Typically, most sites have an index page that serves as the virtual “front desk” of your business and greets every visitor arriving via your front door.
The front page of your site is one of the most important pages of your entire website, because it is generally the first thing a visitor sees when they arrive on your site if they type in your domain name on their web browser, or navigate to your website from a search engine or directory listing.
The home page can also act as a landing page to catch your visitors’ attention, let your visitors know who you are, what you do and also to help them navigate to other important pages on the site.
In a traditional website, the main page and its content are normally intrinsically built into the home page file (e.g. http://ift.tt/1kPLmr3), so if you want your visitors to see different content on the front page when they arrive on your site via the main URL (i.e. www.mywebsite.com), you would normally need to edit the content in the page itself, or log into your server and change file names around.
WordPress makes this easier for users, especially for those who don’t want to mess around with stuff like editing page code in server files.
By default, WordPress acts as a “blog” and displays a changing list of recently-published posts, with the headlines and first paragraph or two of the content visible for each article published, and links to separate post pages where visitors can then keep reading the full article (e.g. “click here to continue reading” …).
With WordPress, however, you are given the flexibility of creating as many pages as you want and then specifying which of these pages you want assigned as being the main page of your website.
As you will soon discover, you can also replace the home page of your website as often as you like, without touching the content, just by creating a number of different pages you can point to as the site’s home page, and then selecting the one you want to display as your home page.
This is very handy to have. For example, you may want visitors arriving on your site via the homepage to:
- Watch a video
- See a “splash” page before navigating through to other sections of your site
- Promote a new “book of the month” each month, or “product of the month”
- Promote seasonal information (e.g. a “Mother’s Day” themed offer as Mother’s Day approaches)
- View different sections of your e-commerce catalog at regularly-spaced intervals (e.g. quarterly), or special occasions (e.g. sports events in your region)
- View information on “split-test” sales pages (create two or more sales pages with similar content to test different page elements, e.g. headlines, discount levels, different typefaces, etc., then show one version as the home page for a period of time and then run the other version for the same period of time to see which page delivers you better conversions)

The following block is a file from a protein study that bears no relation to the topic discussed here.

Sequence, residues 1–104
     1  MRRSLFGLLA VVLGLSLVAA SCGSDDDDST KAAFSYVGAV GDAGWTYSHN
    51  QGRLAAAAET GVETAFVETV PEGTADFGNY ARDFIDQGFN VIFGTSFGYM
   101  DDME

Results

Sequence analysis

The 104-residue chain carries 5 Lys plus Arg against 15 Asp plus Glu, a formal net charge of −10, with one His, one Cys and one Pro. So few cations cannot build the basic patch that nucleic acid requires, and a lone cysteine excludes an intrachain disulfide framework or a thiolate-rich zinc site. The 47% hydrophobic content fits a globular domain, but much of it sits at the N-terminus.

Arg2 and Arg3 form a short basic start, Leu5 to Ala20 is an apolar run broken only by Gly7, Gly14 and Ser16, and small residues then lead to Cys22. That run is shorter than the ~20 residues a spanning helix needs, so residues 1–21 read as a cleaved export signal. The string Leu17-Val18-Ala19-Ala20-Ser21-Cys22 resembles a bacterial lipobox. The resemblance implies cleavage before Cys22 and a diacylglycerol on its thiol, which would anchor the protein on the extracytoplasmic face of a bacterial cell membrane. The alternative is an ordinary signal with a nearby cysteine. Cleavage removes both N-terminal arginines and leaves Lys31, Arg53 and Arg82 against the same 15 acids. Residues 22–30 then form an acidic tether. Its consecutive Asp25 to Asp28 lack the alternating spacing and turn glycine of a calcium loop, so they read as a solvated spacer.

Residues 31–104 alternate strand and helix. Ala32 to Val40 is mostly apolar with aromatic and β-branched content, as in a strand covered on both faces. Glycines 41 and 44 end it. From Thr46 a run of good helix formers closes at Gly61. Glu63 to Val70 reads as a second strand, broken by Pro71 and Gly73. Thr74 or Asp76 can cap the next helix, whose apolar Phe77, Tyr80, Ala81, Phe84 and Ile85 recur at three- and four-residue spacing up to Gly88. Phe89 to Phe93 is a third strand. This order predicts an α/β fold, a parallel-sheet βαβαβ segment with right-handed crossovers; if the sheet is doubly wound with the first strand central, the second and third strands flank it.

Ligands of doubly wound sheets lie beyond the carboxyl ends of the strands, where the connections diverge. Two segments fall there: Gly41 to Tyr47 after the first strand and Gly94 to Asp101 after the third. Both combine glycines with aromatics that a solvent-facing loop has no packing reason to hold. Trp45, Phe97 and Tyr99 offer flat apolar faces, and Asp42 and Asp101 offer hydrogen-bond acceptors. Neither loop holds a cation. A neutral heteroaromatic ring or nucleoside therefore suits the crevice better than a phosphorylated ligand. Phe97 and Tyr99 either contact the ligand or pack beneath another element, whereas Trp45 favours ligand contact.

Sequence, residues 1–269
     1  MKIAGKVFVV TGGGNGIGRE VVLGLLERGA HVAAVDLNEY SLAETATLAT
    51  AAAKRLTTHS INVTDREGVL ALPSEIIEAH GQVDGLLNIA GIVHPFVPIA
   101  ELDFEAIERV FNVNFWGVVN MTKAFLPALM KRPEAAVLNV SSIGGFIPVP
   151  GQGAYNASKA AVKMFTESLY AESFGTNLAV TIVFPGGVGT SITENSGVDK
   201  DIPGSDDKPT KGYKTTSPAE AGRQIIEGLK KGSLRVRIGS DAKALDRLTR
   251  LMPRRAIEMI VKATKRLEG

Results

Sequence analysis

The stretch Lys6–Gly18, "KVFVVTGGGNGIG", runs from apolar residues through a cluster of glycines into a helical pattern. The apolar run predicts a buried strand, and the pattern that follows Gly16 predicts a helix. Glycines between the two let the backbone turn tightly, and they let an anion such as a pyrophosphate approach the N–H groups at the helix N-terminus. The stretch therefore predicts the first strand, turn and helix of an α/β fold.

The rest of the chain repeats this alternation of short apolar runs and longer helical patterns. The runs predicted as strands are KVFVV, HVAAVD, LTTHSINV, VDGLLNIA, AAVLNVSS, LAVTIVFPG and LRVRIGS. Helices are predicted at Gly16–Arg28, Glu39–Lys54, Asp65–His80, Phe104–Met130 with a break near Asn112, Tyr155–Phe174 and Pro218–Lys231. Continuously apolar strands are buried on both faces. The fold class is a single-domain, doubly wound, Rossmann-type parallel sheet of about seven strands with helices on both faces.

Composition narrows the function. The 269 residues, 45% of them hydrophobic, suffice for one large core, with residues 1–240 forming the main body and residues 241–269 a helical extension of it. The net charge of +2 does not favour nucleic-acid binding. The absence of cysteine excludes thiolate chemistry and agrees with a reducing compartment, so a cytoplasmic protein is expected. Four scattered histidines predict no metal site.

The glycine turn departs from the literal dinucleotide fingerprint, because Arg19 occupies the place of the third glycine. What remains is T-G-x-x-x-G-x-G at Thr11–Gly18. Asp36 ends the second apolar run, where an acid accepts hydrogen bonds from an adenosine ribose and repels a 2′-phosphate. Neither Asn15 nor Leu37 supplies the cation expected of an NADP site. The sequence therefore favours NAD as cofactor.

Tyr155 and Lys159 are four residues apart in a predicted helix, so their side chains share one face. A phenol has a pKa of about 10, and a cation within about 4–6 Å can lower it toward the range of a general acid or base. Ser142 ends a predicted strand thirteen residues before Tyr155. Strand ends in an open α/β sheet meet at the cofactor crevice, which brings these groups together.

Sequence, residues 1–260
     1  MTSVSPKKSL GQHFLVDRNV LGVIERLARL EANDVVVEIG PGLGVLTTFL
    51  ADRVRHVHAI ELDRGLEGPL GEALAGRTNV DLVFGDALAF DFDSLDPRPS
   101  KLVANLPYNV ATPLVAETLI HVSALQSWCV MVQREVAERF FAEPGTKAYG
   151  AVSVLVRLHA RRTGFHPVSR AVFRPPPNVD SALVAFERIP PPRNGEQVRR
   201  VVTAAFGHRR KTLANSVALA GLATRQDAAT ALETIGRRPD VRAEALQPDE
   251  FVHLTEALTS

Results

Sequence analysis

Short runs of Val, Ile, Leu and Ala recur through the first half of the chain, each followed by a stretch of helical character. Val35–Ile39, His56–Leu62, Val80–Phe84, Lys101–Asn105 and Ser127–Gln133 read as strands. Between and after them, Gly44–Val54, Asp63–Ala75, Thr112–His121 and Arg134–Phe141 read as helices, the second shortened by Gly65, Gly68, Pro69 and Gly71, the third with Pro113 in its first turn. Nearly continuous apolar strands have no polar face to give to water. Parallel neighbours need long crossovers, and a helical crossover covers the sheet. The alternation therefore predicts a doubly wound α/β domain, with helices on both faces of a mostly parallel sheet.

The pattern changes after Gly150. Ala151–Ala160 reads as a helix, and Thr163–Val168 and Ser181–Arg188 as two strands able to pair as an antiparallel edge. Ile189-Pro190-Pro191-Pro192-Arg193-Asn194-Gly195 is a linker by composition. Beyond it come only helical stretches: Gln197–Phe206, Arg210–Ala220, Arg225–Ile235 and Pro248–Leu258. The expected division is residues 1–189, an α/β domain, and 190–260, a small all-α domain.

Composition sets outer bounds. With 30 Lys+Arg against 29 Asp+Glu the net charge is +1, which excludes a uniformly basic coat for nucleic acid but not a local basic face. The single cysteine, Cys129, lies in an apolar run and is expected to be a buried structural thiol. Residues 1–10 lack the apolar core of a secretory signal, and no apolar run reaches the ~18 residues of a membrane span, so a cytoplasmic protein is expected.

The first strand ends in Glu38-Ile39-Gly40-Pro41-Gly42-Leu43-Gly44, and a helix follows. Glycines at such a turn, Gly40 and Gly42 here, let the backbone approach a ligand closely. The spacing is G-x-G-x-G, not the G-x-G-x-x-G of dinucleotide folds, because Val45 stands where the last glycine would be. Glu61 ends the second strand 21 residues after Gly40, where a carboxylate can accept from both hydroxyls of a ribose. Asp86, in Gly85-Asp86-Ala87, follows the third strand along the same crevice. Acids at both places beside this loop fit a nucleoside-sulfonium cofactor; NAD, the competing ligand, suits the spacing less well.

- Or even land on a “pre-launch” page if your site hasn’t officially launched yet!
This step-by-step tutorial shows you how to easily create a WordPress home page.
How To Make Any Page Become Your Site’s Home Page In WordPress: Step-By-Step Tutorial
To easily set any page on your website or blog as your home page., go to your admin menu and click on Settings > Reading â€¦
In the Reading Settings screen, do the following:
- Front page displays: select “A static page …”
- Front page: Click on the drop down menu and select the page you want to set as your Home Page (choose any page listed in the menu)
Click Save Changes after selecting your options to update the settings and set your new home page â€¦
After saving, click on Visit Site (tip: right-click and select “Open Link In New Tab” to view the homepage in a new browser window without leaving your Reading Settings screen) …
The page you chose in Front page displays > A static page should now be displaying as your site’s home page â€¦
You can change the home page for your site as often as you like, just by repeating the above steps and selecting another page …
The newly-chosen page will become the new home page immediately …
When you set any page to become the homepage of your site, WordPress reassigns the domain root to become the URL of that page.
What this means is that if you select the page with the following URL into your home page:
The above page will be assigned the following URL for as long as it remains the site’s home page:
If you type the “old” URL of the page you have now specified as your new home page into your web browser, WordPress will direct you to the home page.
Also, if you specify another page as the home page, WordPress assigns the previous home page back to its original URL …
Congratulations! Now you know how to create a WordPress home page.
Did you find this tutorial useful? If not, how could we have improved things? Feel free to comment below and take a moment to share this tutorial with your friends.
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